Summary: Researchers successfully demonstrated the efficacy of adeno-associated virus (AAV) vectors in reversing genetic hearing loss in aged animal models. The scientists developed a mature mouse model with a mutation similar to the human TMPRSS3 gene defect, which typically results in progressive hearing loss.
Upon injecting these mice with an AAV carrying a healthy TMPRSS3 gene, a notable restoration of hearing was observed. This advancement suggests the potential of gene therapies to treat genetic hearing loss, even in advanced age.
The study demonstrates for the first time the effectiveness of AAV vector-mediated gene therapy in reversing hearing loss in aged mice, opening possibilities for similar treatment in humans.
This research successfully developed a mouse model with a mutation equivalent to the human TMPRSS3 gene defect, known to cause progressive hearing loss.
The possibility of combining this gene therapy with cochlear implants could potentially treat genetic hearing loss.
Source: Mass Eye and Ear
By 2050, one in 10 individuals are expected to live with some form of hearing loss. Of the hundreds of millions of cases of hearing loss affecting individuals worldwide, genetic hearing loss is often the most difficult to treat.
While hearing aids and cochlear implants offer limited relief, no available treatment can reverse or prevent this group of genetic conditions, prompting scientists to evaluate gene therapies for alternative solutions.
One of the most promising tools used in these therapies—adeno associated virus (AAV) vectors—has galvanized the hearing-loss community in recent years.
Despite having already rescued hearing in neonatal animals with genetic defects, the vectors have yet to demonstrate this ability in fully mature or aged animal models. Since humans are born with fully developed ears, this proof-of-concept is necessary before testing the intervention in humans with genetic hearing loss.
A team of researchers from Mass Eye and Ear, a member of Mass General Brigham, recently became the first to successfully demonstrate AAV vector efficacy in aged animal models when they developed a mature mouse model with a mutation equivalent to a defective TMPRSS3 human gene, which typically results in progressive hearing loss.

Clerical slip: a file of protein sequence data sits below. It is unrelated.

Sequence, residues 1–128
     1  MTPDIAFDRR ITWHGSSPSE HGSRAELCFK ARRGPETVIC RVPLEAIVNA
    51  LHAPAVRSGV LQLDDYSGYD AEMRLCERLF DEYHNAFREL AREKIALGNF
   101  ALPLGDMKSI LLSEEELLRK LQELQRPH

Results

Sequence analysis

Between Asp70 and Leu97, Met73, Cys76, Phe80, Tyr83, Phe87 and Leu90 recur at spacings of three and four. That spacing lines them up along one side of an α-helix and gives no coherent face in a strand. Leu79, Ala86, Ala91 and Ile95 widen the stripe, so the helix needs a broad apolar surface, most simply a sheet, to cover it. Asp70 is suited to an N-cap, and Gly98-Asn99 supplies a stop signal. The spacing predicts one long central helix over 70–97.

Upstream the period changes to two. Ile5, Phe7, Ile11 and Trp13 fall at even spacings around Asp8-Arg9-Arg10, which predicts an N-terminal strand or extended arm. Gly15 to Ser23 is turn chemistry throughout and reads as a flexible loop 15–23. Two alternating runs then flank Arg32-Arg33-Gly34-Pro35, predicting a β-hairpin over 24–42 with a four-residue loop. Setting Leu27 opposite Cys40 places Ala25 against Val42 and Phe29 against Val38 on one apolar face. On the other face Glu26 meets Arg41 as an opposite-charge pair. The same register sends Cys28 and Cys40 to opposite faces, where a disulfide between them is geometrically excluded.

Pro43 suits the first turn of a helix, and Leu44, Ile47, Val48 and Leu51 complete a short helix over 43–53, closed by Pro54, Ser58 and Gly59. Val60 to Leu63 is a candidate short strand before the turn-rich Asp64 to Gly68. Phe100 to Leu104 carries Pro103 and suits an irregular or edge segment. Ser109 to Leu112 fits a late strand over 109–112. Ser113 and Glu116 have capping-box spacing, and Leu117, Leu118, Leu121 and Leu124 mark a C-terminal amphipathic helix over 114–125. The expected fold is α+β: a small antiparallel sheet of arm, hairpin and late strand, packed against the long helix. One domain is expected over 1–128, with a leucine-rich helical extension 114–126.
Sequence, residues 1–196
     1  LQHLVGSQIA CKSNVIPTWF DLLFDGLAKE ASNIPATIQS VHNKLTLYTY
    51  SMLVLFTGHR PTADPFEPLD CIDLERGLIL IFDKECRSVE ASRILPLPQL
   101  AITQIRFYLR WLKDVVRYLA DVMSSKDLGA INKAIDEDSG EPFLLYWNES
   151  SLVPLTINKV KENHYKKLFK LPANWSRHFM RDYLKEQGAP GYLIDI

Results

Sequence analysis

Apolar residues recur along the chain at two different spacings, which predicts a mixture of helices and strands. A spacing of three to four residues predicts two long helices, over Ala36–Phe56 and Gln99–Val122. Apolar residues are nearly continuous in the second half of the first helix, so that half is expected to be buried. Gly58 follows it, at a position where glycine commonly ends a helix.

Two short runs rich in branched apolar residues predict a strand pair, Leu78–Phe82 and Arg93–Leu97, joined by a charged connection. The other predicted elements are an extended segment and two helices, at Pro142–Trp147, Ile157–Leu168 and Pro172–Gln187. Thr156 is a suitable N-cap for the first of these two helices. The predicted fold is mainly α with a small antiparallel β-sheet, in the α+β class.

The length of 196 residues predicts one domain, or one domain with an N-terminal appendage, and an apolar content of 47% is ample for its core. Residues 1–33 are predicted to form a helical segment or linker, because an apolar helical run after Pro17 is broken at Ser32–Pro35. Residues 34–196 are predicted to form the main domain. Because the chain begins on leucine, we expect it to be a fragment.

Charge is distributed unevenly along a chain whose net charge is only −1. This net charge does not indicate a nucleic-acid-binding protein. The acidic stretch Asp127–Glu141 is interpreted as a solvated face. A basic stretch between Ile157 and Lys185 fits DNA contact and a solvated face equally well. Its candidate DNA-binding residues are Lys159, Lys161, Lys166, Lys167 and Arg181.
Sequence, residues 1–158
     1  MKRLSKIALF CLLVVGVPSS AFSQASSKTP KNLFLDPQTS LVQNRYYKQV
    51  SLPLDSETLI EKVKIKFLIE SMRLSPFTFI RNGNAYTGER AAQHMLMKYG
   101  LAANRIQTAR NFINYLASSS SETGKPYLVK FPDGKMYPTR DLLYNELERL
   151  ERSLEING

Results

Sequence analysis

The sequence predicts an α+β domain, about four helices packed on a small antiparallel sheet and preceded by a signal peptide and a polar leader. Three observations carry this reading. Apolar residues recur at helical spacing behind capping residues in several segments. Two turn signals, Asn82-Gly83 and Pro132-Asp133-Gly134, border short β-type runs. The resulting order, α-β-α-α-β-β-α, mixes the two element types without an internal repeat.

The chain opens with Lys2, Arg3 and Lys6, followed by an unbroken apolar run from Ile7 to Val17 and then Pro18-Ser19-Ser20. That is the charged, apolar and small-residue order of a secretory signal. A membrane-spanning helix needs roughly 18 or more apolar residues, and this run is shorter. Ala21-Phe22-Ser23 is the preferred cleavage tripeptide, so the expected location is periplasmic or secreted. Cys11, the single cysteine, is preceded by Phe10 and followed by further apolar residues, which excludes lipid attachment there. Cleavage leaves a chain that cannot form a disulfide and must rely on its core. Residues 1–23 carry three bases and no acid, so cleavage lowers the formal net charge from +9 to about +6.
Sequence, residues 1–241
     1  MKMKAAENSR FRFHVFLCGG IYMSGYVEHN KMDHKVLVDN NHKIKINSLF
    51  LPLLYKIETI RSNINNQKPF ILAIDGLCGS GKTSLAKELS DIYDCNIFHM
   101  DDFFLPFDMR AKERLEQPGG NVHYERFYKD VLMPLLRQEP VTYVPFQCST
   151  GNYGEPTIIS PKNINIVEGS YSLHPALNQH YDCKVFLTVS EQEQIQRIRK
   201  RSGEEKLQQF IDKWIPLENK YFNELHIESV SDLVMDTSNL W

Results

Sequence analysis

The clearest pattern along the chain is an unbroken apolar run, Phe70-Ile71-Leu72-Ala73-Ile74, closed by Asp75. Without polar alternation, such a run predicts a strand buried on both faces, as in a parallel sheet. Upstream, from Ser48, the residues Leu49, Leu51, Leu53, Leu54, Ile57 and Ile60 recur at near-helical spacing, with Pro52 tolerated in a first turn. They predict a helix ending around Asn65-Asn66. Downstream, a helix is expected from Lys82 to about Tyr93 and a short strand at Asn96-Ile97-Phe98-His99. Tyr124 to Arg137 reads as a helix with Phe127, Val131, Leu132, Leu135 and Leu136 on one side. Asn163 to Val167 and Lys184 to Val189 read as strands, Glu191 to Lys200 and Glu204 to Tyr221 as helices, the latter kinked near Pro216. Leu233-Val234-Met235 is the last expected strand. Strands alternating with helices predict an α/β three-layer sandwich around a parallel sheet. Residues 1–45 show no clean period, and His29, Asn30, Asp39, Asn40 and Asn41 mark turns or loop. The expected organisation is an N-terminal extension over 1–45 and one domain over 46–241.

As reported in Molecular Therapy, researchers observed robust hearing rescue in the aged mice upon injecting the animals with an AAV carrying a healthy human TMPRSS3 gene.
“Our findings suggest that a virally mediated gene therapy, either by itself or in combination with a cochlear implant, could potentially treat genetic hearing loss,” said corresponding author Zheng Yi Chen, D.Phil., an investigator in the Eaton-Peabody Laboratories at Mass Eye and Ear.
“This was also the first study that has rescued hearing in aging mice, which points to the feasibility of treating DFNB8 patients with DFNB8 even at an advanced age. The study also establishes the feasibility of other gene therapies in the aged population.”
About this genetics and auditory neuroscience research news
Rescue of auditory function by a single administration of AAV-TMPRSS3 gene therapy in aged mice of human recessive deafness DFNB8
Patients with mutations in the TMPRSS3 gene suffer from recessive deafness DFNB8/DFNB10. For these patients, cochlear implantation is the only treatment option. Poor cochlear implantation outcomes are seen in some patients.
To develop biological treatment for TMPRSS3 patients, we generated a knockin mouse model with a frequent human DFNB8 TMPRSS3 mutation.
The Tmprss3A306T/A306T homozygous mice display delayed onset progressive hearing loss similar to human DFNB8 patients. Using AAV2 as a vector to carry a human TMPRSS3 gene, AAV2-hTMPRSS3 injection in the adult knockin mouse inner ear results in TMPRSS3 expression in the hair cells and the spiral ganglion neurons.
A single AAV2-hTMPRSS3 injection in Tmprss3A306T/A306T mice of an average age of 18.5 months leads to sustained rescue of the auditory function to a level similar to wild-type mice. AAV2-hTMPRSS3 delivery rescues the hair cells and the spiral ganglions neurons.
This study demonstrates successful gene therapy in an aged mouse model of human genetic deafness.
It lays the foundation to develop AAV2-hTMPRSS3 gene therapy to treat DFNB8 patients, as a standalone therapy or in combination with cochlear implantation.